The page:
Press Release

FOR IMMEDIATE RELEASE: Wednesday, August 21, 2019

Fair Elections Campaign Holds Press Conference and Rally At First Meeting of Public Campaign Financing Commission 

Campaign Calls on the Commission to Deliver “Model for the Nation” Program and Lessen the Influence of Big Money in NYS Politics 

Commission Has 100 Days to Issue Binding Recommendations  

ALBANY, NY — Supporters of the Fair Elections for New York campaign held a rally and press conference today ahead of the Public Campaign Financing Commission’s first meeting to call on the commissioners to deliver a model-for-the-nation public financing program, which Governor Cuomo had previously promised to deliver. 

As the campaign’s new online countdown clock shows, the Commission will have 100 days come this Friday to issue final binding recommendations on December 1st.  

The over 200 groups that make up  the Fair Elections for New York campaign are advocating for a public financing program to make New York’s democracy work for everyone, not just the wealthy few. Campaign members said the program must include at least a 6-to-1 match on small donations for both primary and general elections, lower contribution limits, and an independent enforcement unit. The campaign also called attempts to eliminate fusion voting an irrelevant political distraction.

“The Public Campaign Finance Commission has just 100 days left to fulfill their important mandate to give New Yorkers a bigger voice in our democracy and end the era of big money in Albany. We have seen a surge of energy from New Yorkers demanding their voices are heard loud and clear in the halls of Albany, and a strong people-powered small donor public financing program is the answer. We’re here today to let the Commission and the leaders who appointed them know that New Yorkers are paying attention and expect them to craft a model for the nation to lessen the influence of big money and give power back to constituents. It is an opportunity we cannot afford to waste,” said Laura Friedenbach, deputy campaign manager for the Fair Elections for New York campaign.  

 New York has some of the worst campaign finance laws in the country, allowing big donors to dominate. The state has the highest contribution limits of any state with limits, and ranks among the lowest in the country when it comes to the share of money given from small donors. A recent analysis by the Brennan Center shows that just 100 people donated more to New York state candidates in 2018 than all 137,000 estimated small donors combined. That analysis also showed that over 90 percent of donations came from just three of New York State’s wealthiest counties, Nassau, Westchester, and New York County, all of which are predominantly white. Analyses by Reinvent Albany show the Assembly leadership raised just 16 percent of its contributions from their constituents, while the Senate fared little better with 23 percent. Both houses of the legislature disproportionately raise contributions from entities with business before the legislature, illustrating the need to amplify the voices of everyday New Yorkers through a strong public financing system.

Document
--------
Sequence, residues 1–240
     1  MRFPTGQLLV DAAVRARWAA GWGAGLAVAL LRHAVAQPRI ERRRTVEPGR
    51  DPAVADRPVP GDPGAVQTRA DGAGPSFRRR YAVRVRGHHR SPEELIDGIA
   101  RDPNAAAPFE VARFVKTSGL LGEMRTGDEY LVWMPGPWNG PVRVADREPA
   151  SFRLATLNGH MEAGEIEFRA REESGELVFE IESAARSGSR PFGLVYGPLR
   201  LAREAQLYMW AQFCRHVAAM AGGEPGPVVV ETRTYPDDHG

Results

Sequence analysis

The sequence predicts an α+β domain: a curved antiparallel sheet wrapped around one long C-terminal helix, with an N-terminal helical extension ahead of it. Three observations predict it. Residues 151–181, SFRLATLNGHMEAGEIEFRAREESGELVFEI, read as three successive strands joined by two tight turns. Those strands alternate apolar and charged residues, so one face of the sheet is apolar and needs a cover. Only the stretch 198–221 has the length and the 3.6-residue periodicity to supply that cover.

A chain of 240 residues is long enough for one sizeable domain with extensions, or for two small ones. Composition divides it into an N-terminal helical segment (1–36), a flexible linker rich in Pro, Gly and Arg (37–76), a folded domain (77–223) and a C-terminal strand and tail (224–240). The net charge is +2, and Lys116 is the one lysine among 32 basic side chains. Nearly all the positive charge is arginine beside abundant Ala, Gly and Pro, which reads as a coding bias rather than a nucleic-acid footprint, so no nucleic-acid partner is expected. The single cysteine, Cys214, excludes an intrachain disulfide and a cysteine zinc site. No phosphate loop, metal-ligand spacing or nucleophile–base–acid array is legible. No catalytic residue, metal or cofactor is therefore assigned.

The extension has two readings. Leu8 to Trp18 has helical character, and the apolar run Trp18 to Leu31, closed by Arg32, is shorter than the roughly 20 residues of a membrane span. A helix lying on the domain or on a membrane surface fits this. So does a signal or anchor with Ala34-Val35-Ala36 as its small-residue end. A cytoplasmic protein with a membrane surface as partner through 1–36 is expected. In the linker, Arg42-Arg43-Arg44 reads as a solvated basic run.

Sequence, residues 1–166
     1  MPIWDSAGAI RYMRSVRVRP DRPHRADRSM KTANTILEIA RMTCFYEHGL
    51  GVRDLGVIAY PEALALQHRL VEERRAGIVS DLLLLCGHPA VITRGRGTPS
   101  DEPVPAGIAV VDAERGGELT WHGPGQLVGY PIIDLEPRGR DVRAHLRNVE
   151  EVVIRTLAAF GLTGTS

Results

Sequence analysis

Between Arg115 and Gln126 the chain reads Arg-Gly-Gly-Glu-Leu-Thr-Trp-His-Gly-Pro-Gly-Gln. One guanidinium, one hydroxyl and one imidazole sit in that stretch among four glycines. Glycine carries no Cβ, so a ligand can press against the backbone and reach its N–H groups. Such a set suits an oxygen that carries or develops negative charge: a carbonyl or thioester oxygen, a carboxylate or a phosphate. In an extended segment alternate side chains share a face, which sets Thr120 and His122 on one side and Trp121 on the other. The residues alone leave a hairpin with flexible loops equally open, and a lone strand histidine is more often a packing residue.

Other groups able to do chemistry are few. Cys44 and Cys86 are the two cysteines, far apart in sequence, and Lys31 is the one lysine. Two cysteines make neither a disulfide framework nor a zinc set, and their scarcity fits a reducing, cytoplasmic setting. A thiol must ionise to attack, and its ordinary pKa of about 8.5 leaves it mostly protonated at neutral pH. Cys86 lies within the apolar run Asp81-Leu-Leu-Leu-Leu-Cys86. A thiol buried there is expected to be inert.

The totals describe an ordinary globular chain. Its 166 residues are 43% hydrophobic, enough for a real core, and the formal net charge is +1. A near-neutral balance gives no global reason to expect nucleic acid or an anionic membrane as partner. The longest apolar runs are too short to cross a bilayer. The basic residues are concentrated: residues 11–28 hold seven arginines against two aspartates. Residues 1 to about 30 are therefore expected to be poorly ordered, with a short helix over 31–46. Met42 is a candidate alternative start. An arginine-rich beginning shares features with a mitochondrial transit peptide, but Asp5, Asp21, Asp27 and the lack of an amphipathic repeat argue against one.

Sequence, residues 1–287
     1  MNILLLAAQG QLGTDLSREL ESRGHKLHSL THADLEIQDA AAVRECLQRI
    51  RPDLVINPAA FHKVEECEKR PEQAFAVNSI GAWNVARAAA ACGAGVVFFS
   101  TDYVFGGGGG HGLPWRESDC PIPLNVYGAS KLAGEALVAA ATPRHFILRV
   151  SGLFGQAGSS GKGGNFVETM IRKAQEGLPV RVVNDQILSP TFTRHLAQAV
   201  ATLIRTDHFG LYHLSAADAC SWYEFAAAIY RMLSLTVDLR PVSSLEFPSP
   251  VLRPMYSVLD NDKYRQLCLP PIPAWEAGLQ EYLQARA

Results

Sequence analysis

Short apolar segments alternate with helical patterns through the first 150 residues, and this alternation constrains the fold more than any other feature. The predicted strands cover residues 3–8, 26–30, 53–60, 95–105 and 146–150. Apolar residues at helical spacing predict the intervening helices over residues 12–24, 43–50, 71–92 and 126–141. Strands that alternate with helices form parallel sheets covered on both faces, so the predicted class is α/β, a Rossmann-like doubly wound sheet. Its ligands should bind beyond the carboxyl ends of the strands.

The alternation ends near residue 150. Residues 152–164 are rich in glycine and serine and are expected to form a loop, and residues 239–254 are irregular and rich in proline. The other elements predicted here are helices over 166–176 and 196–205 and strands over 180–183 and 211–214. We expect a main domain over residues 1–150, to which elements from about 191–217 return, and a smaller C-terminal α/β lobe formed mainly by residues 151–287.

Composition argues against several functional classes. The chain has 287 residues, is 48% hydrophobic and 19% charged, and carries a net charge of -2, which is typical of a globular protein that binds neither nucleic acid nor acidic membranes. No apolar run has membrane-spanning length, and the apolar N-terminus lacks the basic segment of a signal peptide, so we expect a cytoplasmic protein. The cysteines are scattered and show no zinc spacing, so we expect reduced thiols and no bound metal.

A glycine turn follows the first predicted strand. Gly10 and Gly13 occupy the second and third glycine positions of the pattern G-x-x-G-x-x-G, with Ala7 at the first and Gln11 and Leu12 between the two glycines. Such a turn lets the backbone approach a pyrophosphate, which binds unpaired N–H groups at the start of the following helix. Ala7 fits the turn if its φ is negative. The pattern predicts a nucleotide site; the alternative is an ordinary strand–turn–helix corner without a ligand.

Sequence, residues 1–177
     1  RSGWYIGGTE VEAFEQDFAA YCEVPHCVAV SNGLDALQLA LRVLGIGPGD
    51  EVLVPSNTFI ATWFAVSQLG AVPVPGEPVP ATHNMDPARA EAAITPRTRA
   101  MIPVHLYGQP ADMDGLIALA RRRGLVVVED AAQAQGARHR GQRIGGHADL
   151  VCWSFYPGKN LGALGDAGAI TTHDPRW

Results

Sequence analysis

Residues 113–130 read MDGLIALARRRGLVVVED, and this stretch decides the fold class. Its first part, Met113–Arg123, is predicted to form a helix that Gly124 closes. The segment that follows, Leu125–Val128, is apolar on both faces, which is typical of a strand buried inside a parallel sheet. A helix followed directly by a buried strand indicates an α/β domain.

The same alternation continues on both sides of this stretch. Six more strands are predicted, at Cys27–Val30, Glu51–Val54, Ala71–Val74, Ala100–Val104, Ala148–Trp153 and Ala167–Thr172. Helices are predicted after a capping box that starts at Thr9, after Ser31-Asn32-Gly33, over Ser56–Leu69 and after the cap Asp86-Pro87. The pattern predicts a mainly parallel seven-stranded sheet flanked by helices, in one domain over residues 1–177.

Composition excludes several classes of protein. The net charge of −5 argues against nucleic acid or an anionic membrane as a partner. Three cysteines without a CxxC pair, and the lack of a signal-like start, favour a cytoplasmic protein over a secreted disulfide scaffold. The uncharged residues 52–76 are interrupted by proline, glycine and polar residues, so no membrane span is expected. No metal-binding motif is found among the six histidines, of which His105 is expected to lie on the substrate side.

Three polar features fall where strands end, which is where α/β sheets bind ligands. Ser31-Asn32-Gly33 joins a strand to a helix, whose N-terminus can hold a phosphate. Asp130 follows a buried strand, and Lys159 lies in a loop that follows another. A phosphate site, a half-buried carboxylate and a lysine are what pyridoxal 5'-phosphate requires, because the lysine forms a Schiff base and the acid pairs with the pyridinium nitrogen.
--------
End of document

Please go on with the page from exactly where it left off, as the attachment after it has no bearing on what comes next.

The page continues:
After a massive grassroots effort by the over 200 groups supporting the Fair Elections for New York campaign to pass public financing in the budget, campaign finance reform became a top budget issue.

The responsibility now rests with our elected leaders in Albany to ensure we end this year with a strong small donor public financing program, whether through the commission or legislative action.

The Commission’s enabling statute specifically gives the Legislature a 22-day window to “amend or abrogate” the Commission’s recommendations once they are released in December. Given this, the Fair Elections campaign also called on the Legislature — the body elected by New Yorkers — to be ready for this moment by introducing legislation on campaign finance reform. This step would enable the swift action that may be necessary in December to either replace or amend the Commission’s recommendations – or to act if a lawsuit prevents the Commission from acting at all.

Statements from Supporters of Fair Elections for New York:

 “Working with vulnerable communities throughout NYS, we know deeply the schism that often exists between communities and those in elected office,” said Jawanza James Williams, Director of Organizing at VOCAL-NY, a grassroots organization that works with low-income NYers. “We are holding this commission to account because the democratic process in this state is overwhelmingly in favor of industry, and our Black, Brown, and low-income membership from across the state urge us call for a small-donor match, because our voices should not be muted by the influence of corporate dollars.”